Christian-Muslim interfaith relations are at breaking point in Birmingham as the Church of England refuses to support the Muslim community in its stand against the sexualisation of primary school children at the Parkfield Community School in Saltley, an inner-city area in the Diocese of Birmingham.
Mariam Ahmed, a mother-of-two leading the protests, had appealed directly to Rt Rev’d David Urquhart, Bishop of Birmingham and Sarah Smith, Birmingham Diocesan Director of Education, asking for “support towards our campaign which has now been running since 7th January.”
In a detailed email, Mrs Ahmed explained that the parents were not homophobic or transphobic, they were not against anyone, they fully respected the Equality Act 2010 and they taught their children to respect everyone in the manner they would expect to be treated.
Stressing that the “main concern” of the Muslim parents was that the programme taught by the school was “not age appropriate” and psychologically “confusing young children’s minds as young as four years,” Ahmed said that “I and many other parents have had children coming home confused and with lots of questions as to what they are.”
This was not just a matter for Muslims, but for all faiths, she emphasised, as assistant headteacher Andrew Moffat was teaching a programme where only two of the protected characteristics named by the Equality Act 2010 predominated, i.e. gender reassignment and sexual orientation.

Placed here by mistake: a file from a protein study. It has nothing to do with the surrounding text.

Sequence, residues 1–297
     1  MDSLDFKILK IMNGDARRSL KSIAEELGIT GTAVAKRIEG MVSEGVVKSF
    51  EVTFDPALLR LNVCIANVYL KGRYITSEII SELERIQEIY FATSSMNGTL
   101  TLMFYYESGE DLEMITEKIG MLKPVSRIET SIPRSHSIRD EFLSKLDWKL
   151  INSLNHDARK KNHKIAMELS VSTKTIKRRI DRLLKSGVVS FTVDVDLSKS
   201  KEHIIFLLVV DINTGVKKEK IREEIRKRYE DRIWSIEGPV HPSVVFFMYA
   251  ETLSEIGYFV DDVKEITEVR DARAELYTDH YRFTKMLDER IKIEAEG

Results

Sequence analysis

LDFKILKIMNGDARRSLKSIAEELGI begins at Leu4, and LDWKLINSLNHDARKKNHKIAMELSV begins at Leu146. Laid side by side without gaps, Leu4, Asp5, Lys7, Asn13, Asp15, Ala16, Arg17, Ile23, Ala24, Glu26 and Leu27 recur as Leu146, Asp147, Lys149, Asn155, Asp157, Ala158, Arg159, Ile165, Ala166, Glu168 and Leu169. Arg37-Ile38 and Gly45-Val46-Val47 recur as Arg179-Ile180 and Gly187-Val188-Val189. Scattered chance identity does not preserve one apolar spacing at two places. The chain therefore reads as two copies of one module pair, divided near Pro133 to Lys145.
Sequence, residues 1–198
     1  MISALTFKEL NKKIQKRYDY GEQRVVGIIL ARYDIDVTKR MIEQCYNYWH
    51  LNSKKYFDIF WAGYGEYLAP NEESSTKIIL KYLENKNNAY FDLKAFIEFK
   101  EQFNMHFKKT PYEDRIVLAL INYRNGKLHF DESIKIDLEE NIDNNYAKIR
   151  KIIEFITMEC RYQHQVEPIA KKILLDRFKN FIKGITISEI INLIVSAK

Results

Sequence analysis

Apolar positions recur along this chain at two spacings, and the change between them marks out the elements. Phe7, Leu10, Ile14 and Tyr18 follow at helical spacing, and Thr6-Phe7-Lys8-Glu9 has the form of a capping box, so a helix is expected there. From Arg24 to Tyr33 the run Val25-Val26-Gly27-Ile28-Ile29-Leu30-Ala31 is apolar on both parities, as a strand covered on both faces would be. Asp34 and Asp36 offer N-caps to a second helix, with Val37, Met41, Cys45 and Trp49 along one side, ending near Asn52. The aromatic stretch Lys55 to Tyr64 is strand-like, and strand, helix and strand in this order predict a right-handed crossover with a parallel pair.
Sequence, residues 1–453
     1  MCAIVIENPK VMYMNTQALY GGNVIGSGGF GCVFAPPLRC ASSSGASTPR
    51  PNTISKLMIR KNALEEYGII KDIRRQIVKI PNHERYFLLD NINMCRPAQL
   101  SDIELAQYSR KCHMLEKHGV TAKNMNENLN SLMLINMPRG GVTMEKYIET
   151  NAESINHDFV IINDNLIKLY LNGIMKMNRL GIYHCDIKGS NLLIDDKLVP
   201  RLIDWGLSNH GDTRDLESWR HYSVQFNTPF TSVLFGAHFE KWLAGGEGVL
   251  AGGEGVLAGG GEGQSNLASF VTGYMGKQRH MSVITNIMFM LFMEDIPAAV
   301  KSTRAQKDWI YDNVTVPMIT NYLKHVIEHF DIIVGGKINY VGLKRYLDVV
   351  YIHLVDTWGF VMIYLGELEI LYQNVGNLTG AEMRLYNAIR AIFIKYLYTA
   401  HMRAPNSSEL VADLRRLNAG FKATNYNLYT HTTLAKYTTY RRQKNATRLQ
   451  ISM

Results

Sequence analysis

However, Bishop David Urquhart, responding through Kate Stowe his Chaplain, did not offer any support for the Muslim parents. Instead, the email stated that the diocese expected church schools “to address the requirements of the Equalities Act, recognising that it is a requirement of the law to prepare our children to live in modern day Britain.”
“That includes the right for people to choose their identity and who they wish to love. We believe it is for individual Governing Boards to decide on the resources that best suit them to deliver the Equalities Act,” the email stated.
Ahmed also spoke earlier to the Diocesan Director of Education Sarah Smith and received a similar response in a phone conversation.On previous occasions, the Diocese of Birmingham has supported Muslims to the point of upsetting secularists.
It’s not just the Anglicans:
None of the churches, including the local Roman Catholic, Anglican, Methodist, Baptist or Free Church of England churches in the school’s catchment area have spoken out against the “No Outsiders” programme imposed by the school.
“The wheat and chaff will be separated.” Muslim academic Kate Godfrey-Faussett told Rebel Priest Media. “This is becoming more apparent when examining the reactions of people from all faith communities to the recent campaigns against No Outsiders and compulsory Relationships and Sex Education (RSE) that are undermining our human and parental rights to raise and educate our children inline with our religious beliefs.”
Dr Godfrey-Faussett, who is leading the national Stop RSE movement against the proposed legislation, added: “To declare ourselves as Muslims, Christians or Jews brings with it a duty to stand for what we believe in. We cannot simply turn a blind eye or discard politically incorrect beliefs to move with the times when the times are moving ever increasingly towards a godless immoral society.”
Who’s standing up for the innocence of children in UK schools? Not Christians. Muslims. Shame on us Christians.